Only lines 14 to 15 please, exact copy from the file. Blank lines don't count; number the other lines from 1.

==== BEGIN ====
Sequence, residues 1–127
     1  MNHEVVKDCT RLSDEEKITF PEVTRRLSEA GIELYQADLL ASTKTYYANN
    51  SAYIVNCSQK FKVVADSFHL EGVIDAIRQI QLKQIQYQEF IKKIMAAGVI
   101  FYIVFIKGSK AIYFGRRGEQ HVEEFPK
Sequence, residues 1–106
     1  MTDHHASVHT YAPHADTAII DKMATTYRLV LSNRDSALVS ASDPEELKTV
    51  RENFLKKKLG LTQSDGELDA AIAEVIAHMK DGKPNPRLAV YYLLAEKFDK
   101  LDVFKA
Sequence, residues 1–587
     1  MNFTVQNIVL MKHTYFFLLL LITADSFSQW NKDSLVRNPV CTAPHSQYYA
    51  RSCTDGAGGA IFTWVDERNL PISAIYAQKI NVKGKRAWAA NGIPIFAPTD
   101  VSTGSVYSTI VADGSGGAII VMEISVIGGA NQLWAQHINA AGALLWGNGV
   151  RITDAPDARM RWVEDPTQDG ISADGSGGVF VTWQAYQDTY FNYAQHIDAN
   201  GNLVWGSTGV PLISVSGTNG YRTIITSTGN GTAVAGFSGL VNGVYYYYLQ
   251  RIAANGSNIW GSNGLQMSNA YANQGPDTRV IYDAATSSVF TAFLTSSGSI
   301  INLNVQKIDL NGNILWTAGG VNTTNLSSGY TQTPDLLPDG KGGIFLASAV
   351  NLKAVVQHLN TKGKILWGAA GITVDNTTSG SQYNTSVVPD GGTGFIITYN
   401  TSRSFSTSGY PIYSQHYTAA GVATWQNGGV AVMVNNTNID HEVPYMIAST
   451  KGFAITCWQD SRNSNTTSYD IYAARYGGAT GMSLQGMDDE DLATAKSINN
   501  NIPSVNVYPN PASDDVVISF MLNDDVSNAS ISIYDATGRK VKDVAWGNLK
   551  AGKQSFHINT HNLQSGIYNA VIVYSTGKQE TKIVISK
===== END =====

   201  GNLVWGSTGV PLISVSGTNG YRTIITSTGN GTAVAGFSGL VNGVYYYYLQ
   251  RIAANGSNIW GSNGLQMSNA YANQGPDTRV IYDAATSSVF TAFLTSSGSI